In tourist footage recently shot in South Africa’s Ingwelala Nature Reserve, a mother elephant loudly defends her calf from a horde of African wild dogs.
At first glance, the situation seemed dire: The mother, her calf, and another elephant, surrounded by a pack of more than 14 wild dogs, which hunt in cooperative bands.
But the brilliant social creatures' capacity for communication gave them the upper hand against would-be predators. When under duress, elephants make guttural, trumpeting calls that startled the wild dogs, says Caitlin O’Connell-Rodwell, a Stanford University expert on elephant behavior. (Also see "Watch: How Did a Young Elephant Drive Off 14 Lions?")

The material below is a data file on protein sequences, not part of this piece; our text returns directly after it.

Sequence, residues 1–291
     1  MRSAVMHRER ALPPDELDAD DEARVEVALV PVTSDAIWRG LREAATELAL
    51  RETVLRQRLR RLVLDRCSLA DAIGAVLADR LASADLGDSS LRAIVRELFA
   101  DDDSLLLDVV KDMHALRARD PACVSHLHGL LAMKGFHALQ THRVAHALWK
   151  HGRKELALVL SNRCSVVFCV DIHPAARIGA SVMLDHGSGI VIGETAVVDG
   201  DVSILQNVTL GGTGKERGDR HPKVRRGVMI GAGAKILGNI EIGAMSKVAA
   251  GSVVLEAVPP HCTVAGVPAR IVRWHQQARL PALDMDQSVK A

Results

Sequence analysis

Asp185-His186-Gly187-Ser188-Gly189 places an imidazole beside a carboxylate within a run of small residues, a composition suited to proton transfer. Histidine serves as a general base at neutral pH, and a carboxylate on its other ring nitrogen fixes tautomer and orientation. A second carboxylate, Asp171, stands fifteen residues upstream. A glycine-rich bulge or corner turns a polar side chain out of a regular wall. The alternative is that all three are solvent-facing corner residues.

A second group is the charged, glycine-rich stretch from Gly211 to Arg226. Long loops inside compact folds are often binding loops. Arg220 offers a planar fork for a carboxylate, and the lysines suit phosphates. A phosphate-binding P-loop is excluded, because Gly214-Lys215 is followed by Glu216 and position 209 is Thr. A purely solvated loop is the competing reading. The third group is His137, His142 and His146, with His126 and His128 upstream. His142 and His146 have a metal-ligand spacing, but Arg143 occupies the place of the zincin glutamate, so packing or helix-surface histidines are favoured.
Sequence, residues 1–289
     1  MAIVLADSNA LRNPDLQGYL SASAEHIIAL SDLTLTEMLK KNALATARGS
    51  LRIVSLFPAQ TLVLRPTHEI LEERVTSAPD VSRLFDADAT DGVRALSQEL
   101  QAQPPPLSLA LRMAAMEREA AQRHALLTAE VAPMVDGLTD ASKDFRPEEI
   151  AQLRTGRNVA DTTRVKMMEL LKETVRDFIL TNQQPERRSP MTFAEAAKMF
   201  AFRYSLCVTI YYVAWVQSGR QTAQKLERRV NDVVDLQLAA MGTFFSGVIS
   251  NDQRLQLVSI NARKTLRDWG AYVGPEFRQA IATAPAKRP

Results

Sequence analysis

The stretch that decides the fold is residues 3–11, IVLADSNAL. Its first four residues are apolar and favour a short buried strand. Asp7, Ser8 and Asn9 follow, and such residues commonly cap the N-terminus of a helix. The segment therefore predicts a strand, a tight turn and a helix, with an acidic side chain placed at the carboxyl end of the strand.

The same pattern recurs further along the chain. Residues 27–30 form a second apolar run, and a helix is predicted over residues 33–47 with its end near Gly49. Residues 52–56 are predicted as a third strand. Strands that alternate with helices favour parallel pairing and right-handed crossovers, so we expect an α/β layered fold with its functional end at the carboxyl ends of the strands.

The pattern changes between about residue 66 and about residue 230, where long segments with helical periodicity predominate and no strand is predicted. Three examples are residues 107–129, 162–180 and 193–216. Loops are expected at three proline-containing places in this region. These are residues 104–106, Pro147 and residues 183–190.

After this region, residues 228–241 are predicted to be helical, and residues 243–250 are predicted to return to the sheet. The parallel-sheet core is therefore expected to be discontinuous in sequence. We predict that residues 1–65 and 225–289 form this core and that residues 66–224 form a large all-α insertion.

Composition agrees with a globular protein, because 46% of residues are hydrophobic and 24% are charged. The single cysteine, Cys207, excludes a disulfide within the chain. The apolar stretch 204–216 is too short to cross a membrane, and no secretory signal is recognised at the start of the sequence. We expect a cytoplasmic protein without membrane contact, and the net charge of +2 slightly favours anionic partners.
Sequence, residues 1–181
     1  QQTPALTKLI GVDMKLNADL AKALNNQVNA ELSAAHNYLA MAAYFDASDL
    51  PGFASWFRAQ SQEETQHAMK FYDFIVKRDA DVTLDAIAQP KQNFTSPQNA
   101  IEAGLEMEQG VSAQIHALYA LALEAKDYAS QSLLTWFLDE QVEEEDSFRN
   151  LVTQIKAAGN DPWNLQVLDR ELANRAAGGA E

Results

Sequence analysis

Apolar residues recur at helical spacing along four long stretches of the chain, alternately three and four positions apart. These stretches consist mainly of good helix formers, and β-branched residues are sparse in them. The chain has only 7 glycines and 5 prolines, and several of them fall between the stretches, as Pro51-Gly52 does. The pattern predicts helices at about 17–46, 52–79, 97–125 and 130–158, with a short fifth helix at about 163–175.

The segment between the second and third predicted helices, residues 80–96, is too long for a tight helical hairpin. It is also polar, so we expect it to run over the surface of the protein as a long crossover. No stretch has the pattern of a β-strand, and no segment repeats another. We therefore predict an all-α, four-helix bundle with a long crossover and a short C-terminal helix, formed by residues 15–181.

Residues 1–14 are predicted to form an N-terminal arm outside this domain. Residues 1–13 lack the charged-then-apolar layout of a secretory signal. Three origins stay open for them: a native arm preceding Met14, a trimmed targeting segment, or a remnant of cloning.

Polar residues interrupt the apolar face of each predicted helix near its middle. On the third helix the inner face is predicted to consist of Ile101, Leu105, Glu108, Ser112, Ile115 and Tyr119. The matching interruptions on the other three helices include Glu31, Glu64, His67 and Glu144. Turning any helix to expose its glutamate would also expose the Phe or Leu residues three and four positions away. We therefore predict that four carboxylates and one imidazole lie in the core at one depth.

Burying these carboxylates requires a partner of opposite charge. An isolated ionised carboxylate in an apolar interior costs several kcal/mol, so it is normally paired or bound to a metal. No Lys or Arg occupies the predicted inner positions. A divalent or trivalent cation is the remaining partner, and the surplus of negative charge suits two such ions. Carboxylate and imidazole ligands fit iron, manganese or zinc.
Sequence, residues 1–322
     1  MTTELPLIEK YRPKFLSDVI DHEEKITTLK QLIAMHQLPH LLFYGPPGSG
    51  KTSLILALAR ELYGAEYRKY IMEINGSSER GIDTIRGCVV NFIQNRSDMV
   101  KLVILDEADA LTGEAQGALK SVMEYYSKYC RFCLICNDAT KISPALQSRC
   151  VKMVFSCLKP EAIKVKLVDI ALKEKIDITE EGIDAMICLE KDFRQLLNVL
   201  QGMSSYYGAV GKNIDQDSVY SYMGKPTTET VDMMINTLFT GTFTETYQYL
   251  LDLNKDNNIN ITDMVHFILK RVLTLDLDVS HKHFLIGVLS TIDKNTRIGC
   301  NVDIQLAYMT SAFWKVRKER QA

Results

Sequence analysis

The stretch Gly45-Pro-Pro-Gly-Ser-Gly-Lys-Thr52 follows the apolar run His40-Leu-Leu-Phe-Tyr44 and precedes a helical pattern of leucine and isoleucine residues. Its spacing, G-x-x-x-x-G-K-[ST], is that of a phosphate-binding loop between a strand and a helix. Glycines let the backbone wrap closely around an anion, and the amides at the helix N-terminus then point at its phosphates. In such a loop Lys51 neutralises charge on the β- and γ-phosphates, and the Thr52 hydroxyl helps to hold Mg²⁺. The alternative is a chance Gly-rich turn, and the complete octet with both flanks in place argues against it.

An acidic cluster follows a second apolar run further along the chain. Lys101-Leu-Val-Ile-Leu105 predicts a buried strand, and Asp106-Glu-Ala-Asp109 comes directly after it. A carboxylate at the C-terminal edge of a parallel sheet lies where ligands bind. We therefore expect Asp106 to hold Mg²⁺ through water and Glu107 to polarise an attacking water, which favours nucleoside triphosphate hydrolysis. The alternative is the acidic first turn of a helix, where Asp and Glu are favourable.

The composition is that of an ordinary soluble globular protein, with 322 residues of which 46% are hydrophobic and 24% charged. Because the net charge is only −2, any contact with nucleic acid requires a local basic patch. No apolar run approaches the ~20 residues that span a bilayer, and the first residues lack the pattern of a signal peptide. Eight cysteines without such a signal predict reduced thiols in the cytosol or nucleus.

These unsettling roars do more than dissuade the predators, notes O'Connell-Rodwell, a National Geographic grantee who has observed elephants put up similar fights against